Saturday, January 24, 2009

The cost of Brown's encouragement to Lloyds share holders

During the share holder vote of the HBOS Lloyds merger I advised my wife to vote no, which she duly did, but clearly it wasn't a choice made by many other share holders.

Now she knows why as the merger went through anyway and she just received the following letter, which I attach for those of you who have the good fortune not to be Lloyds shareholders to read ( you need to click on it to read it - but I reproduce the key part below )..

    Dear Victim Shareholder,

    I am pleased to let you know that the acquisition of HBOS plc has now been completed and as you will be aware Lloyds TSB Group plc has now changed its name to Lloyds Banking Group plc. The combination will drive significant synergy benefits; the Lloyds Banking Group Board believe it will deliver total annual pre-tax cost savings greater than £1.5 billion by the end of 2011.

    As shareholders will be aware, no dividend may be paid on the Lloyds Banking Group shares while any of the HM Treasury Preference Shares are outstanding, unless otherwise agreed by HM Treasury. However, the Lloyds Banking Group Board recognises the importance of dividends to shareholders and its clear intention is to achieve the repurchase of the HM Treasury Preference Shares during 2009 so as to enable us to resume the payment of dividends.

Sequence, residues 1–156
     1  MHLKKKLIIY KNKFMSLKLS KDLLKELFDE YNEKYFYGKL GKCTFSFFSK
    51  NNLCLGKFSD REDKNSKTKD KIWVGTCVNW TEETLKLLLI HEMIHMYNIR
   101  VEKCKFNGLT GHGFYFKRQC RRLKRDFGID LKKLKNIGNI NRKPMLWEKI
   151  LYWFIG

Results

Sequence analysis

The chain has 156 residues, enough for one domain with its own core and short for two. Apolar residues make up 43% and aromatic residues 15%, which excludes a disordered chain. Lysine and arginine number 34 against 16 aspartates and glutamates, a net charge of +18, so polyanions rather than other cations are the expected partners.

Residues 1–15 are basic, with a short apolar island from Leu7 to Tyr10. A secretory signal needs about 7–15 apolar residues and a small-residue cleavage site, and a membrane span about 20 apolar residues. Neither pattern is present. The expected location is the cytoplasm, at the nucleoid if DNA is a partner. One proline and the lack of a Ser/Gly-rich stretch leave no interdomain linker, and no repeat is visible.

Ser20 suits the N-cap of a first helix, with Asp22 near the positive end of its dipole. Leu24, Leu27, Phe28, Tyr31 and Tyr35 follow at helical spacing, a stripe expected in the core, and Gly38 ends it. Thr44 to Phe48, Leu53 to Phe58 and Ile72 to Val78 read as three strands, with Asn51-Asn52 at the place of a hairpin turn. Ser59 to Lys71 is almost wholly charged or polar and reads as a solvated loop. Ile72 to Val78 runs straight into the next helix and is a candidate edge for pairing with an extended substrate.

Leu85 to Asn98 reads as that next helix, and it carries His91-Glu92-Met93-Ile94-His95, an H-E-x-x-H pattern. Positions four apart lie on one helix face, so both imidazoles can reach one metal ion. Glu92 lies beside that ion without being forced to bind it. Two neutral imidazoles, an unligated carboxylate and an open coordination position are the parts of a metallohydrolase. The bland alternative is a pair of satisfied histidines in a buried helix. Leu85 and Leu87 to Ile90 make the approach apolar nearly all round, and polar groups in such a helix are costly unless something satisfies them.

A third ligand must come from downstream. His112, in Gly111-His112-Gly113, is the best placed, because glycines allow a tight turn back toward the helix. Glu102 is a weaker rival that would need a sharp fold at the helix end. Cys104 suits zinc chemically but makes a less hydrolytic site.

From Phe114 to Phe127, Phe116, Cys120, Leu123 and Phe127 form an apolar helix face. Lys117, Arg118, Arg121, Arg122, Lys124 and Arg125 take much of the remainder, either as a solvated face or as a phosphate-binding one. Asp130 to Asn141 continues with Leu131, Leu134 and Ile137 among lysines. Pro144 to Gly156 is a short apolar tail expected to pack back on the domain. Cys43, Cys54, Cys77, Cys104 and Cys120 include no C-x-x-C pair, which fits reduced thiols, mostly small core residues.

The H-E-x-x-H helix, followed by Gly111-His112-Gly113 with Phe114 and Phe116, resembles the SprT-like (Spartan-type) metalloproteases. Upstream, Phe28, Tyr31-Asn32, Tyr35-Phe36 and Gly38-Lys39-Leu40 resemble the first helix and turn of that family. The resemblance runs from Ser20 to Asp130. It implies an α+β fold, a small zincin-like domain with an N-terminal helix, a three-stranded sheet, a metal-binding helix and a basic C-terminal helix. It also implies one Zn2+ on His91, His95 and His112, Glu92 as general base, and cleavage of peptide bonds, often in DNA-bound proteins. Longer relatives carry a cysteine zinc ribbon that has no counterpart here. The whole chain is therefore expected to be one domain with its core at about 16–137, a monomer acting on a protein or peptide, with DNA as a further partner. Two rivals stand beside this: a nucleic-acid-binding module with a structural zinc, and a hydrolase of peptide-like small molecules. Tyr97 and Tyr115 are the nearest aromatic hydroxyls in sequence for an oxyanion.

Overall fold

See what Charles Moore writes in the Telegraph:
    No one is more conflicted in the crisis than the Prime Minister himself. You can feel him longing to attack bankers – both because everyone hates them at present and because of how Labour politics works. But he knows that the now-excoriated Sir Fred was once his close associate. Mr Brown boasted last autumn that it was his quiet word with his friend Sir Victor Blank, that persuaded Sir Victor’s company, Lloyds, to hurry up and take over HBOS – a move which seems to have turned both banks into the living dead.

Still at least the senior manager in Lloyds and the Prime Minister are being paid even if their shareholders are not. Thanks Gordon.


Letters From A Tory said...

Judging by Northern Rock, you might expect to see some bonuses going to those in charge of Lloyds as well.